Tuesday, March 29, 2016


Those of those who followed and learned from the teachings of Coach Don Meyer are very familiar with the word "arête" -- it was one that Coach spoke of constantly and challenged is teams to aspire.

Arête is always framed in definition with the word "excellence."  It is also attached to moral virtue though in his incredible book, "Resilience," Eric Greitens offers us some outstanding views on the mindset of arête and it's relationship with results and intentions:

We are ultimately measured by our results, by the way our actions shape the world around us.  Without results, all the kind intentions in the world are just a way of entertaining ourselves.

It may be helpful to think about the difference between intentions and results by looking at how the Greeks through about right action.

The word that shows up again and again in their discussion of ethics is arête. As we've already discussed, arête doesn't really mean "virtue," though that's how it's often translated.  When the Greeks used the word arête, it referred to excellence.  They used the same word to describe a vase, the excellence of a great runner, and the excellence of a person.

To be excellent is to be someone who produces excellence.  There is no such things as an excellent shoemaker who regularly turns out flimsy shoes.  So think a big about what the Greeks must have believed about having an excellent character.  Your character was judged excellent not before you acted, but after.  The judgment was based not on your intentions, but on your results.

When we think of virtue as an excellence, we don't ask, "What did I intend?" We ask, "What did I do?"

Friday, March 25, 2016


Today we are sharing a small excerpt from the book "Attack The Zone Defenses" by Del Harris and Ken Shields.  It is simply the most thorough book I've read on Zone Offense and is a must read for all coaches.  It has great detail to simple concepts with over 300-pages that without question will improve you Zone Offense.

There are six positive functions for the dribble against the zone defenses.  The first three actions are fundamental and well recognized.  Dribble Rotation and its value as noted in points four and five are more advanced and lesser understood.

1. Drive the ball to the goal for a score, with four teammates moving into positions to complement the attack on the basket, according to our bailout rules.

2. Punching (penetrating) into a defensive gap to shoot or to create a shot for a teammate by drawing defenders to the ball, thereby creating more space for him to operate when receiving a pass.

3. Using the drag dribble to improve a passing angle by bouncing once or twice laterally for a post entry, or to shorten the angle and distance for a perimeter pass, and especially to key popping a high post player out for a catch as an entry into a potential high-low post action.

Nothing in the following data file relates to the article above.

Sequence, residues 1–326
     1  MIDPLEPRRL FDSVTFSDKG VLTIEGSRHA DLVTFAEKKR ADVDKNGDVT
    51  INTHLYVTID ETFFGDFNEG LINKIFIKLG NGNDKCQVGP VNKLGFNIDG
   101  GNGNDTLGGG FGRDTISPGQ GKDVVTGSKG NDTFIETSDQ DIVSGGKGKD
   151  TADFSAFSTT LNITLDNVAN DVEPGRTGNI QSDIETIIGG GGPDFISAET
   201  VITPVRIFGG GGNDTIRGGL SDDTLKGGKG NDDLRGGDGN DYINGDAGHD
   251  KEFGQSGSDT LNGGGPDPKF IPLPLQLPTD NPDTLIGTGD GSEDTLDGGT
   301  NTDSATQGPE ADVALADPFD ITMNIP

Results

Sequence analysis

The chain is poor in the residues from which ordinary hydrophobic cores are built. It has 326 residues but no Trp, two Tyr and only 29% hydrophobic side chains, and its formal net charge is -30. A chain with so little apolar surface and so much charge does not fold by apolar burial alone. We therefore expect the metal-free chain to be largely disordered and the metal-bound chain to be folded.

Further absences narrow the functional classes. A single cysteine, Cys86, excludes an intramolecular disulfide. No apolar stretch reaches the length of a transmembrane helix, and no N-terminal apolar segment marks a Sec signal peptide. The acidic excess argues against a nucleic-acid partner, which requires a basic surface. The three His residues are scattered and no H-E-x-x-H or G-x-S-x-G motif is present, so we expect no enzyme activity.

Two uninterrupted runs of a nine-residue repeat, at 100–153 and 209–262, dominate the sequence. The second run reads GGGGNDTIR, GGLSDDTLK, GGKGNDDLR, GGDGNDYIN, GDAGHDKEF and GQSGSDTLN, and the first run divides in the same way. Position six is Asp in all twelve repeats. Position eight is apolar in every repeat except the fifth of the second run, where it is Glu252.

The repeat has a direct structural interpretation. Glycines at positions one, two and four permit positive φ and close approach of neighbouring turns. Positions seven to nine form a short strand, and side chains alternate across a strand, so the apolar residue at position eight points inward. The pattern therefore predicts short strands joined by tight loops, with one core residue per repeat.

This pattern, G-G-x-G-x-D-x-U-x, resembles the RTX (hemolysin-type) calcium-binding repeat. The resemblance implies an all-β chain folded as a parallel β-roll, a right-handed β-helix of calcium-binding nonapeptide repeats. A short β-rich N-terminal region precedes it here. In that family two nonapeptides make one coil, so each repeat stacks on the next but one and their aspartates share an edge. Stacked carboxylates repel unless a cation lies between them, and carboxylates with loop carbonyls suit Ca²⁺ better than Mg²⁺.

4. Dribble Rotating the defense down to stretch or distort the defense.  This is done by dribbling while guarded by a defender out of one zone into an adjacent one toward the sideline or baseline in a non-penetrating angle.  The ball handler dribbles the ball one slot over on the perimeter to pull the ball defender to the edge of his area or into the next primary zone area.  This intelligent use combined with reading the defense creates excellent open space options.

5. Dribbling Rotating the defense up or across the top.  Dribbling up away from the baseline, or near sideline, in a non-penetrating angle involves the same process as the Dribble Down, but offers different space openings.

6. Freeze dribbling a defender to make him engage the ball. This clever action Ken has specialized in serves to have the effort of helping to pull a low wing defender out of his preferred position.  It is also a tool used often at the top of the zone to allow better timing for cutters to get into place.

Thursday, March 24, 2016


Turns out that Indiana and Coach Tom Crean took a page from baseball's Tony La Russa in utilizing your bench to prepare them for the post season.
“I learned something from Tony La Russa a long time ago.  He said he tried to get his back-ups, his subs, a game a week, whether an inning here on Monday or an inning on Tuesday. You know what? The same thing applies to basketball. You know when you get guys minutes, quality minutes in the duration of the season, when they get in pressure situations, it doesn’t feel like pressure."

Wednesday, March 23, 2016


We showed this video to our team in our season closing meeting. Can't imagine a team or individual that wouldn't benefit from the message and passion of Inky Johnson.


There was an article that ran on Al.com written by Michael Casagrande regarding Coach Nick Saban and how he handled spring break with his team.  You can read the entire article here.  There were a few things that stood out to me in the article and they were related to the culture that Coach Saban has built.

I'm a big believer in the fact that great teams, championship teams are developed when the coaches aren't around -- the locker room, off-season workouts, in the community.  "Who's running your locker room" is always a key factor.  Can your leaders work in such a way that the young one's will follow?  This is where culture comes in.